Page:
Neighborhood quality and opposition to immigration: Evidence from German refugee shelters


This paper examines whether refugee immigration during 2014-2016 affected the quality of neighborhood amenities and support for anti-immigration political parties in Berlin, Germany. From 2014 to 2016, refugees made more than 70 thousand initial applications for asylum in Berlin, equivalent to around 2 percent of Berlin’s population of 3.6 million.

The author examines the impact of temporary refugee shelters on rental prices, neighborhood ratings, and support for anti-immigration parties in the immediate vicinity (within 100m) of the shelters, that is, buildings and amenities within the same block or across the street. The analysis is based on: (a) location and opening/closing dates of refugee shelters from the Berlin Office for Refugee Affairs; (b) listed prices for new rentals from the website; (c) ratings for neighborhood amenities from the website Foursquare; and (d) voting data at the level of electoral precincts.

Main findings:

  • After a refugee shelter is established, rental prices decline three to four percent within 100m of the shelter, relative to locations without a refugee shelter. There is also some evidence of an increasing number of listings when a shelter opens, indicating that previous residents may be leaving these areas.
  • Ratings for a venue are twelve percentage points less likely to be positive after refugee shelters have opened within 100m of the venue.
  • Overall, there is no significant effect on the voter share of anti-immigration parties in precincts which include residents living within 100m of a newly established refugee shelter, but there appear to be heterogenous effects. Areas with high-quality housing and areas with more senior citizens experienced an increase in votes for right-wing parties. In contrast, younger voters, and voters in areas with a more ethnically diverse population became less likely to support anti-immigrant parties after a shelter opened nearby.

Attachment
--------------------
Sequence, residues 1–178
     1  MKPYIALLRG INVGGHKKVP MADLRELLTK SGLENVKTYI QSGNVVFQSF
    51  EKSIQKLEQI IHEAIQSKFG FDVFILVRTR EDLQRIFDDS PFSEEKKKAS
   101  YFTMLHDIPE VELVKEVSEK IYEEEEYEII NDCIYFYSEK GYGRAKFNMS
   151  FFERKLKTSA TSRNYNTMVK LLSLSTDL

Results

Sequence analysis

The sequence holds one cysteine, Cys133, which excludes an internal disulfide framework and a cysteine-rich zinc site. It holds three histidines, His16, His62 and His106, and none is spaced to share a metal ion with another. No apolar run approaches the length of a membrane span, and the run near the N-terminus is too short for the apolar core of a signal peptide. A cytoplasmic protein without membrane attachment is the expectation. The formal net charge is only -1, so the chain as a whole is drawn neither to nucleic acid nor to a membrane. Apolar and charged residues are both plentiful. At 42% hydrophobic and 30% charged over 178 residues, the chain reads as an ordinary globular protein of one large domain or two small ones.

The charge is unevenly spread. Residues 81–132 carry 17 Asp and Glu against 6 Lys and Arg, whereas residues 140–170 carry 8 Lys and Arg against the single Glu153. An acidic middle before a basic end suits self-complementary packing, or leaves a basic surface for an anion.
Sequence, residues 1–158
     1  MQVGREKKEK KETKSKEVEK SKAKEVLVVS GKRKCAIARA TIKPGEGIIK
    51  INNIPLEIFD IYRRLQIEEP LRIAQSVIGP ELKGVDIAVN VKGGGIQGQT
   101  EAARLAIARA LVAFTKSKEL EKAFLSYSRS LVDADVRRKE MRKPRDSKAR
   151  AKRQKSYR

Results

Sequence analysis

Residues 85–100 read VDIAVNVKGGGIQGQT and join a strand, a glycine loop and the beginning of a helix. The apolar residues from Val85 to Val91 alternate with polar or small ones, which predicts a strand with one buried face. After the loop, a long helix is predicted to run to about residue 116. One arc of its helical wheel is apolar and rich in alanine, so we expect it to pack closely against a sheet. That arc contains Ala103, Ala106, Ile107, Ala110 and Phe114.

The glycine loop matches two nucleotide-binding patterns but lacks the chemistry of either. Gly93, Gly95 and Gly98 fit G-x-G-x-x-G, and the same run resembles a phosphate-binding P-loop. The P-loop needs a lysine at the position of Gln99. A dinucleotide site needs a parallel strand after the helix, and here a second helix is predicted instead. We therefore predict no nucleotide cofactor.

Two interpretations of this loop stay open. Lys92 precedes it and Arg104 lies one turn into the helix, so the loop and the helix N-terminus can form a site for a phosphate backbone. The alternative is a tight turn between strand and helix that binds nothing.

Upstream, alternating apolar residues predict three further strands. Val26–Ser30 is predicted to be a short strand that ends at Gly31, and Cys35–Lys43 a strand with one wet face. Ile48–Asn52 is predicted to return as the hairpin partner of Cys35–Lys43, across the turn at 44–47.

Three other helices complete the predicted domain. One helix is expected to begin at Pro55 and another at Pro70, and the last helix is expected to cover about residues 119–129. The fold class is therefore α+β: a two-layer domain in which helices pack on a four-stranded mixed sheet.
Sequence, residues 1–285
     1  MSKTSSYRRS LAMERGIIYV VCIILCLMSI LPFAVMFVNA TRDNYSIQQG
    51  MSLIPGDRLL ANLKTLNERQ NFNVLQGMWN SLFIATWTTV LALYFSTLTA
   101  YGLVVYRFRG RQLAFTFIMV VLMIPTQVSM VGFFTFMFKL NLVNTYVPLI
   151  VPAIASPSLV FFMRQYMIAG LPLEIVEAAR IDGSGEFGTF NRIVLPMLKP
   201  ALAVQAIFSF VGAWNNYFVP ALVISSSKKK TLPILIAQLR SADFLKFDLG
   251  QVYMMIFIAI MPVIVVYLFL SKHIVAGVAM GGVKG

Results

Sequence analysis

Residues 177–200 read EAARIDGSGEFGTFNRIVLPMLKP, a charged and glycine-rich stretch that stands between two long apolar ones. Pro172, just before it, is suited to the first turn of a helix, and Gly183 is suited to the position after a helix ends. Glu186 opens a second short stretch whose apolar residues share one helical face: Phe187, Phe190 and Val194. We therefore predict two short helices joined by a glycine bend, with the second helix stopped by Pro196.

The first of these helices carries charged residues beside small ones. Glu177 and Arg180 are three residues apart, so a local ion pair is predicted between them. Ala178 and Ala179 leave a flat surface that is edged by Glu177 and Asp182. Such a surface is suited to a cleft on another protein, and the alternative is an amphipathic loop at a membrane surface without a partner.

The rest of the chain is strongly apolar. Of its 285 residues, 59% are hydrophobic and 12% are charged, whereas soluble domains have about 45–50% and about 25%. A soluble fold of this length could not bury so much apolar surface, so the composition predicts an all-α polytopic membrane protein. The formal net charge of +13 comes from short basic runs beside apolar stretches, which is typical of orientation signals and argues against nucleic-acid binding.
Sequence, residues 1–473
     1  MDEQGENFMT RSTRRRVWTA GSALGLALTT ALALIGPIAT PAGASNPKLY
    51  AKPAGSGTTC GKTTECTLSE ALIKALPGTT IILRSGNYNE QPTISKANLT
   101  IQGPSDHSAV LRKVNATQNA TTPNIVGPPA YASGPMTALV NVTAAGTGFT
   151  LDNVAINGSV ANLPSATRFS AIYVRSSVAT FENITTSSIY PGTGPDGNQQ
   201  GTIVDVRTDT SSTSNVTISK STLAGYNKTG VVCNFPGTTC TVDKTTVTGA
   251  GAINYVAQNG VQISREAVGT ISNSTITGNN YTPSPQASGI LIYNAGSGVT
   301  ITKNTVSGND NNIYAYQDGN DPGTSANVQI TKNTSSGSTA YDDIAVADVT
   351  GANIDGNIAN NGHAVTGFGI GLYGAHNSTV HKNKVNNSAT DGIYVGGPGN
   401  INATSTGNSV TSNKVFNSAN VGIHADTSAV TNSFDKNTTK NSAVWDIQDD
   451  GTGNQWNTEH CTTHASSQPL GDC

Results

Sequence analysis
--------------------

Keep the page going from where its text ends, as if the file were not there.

Since refugee shelters are temporary, the author concludes that the decline in perceived neighborhood quality in the immediate vicinity of a refugee shelter probably stems from the disutility of living next to the shelter, rather than from long-term concerns about the local labor market or school quality. The author concludes that while there is a local effect of refugee shelters on neighborhood quality, this cannot explain the aggregate increase in support for anti-immigration parties in Berlin after the refugee crisis.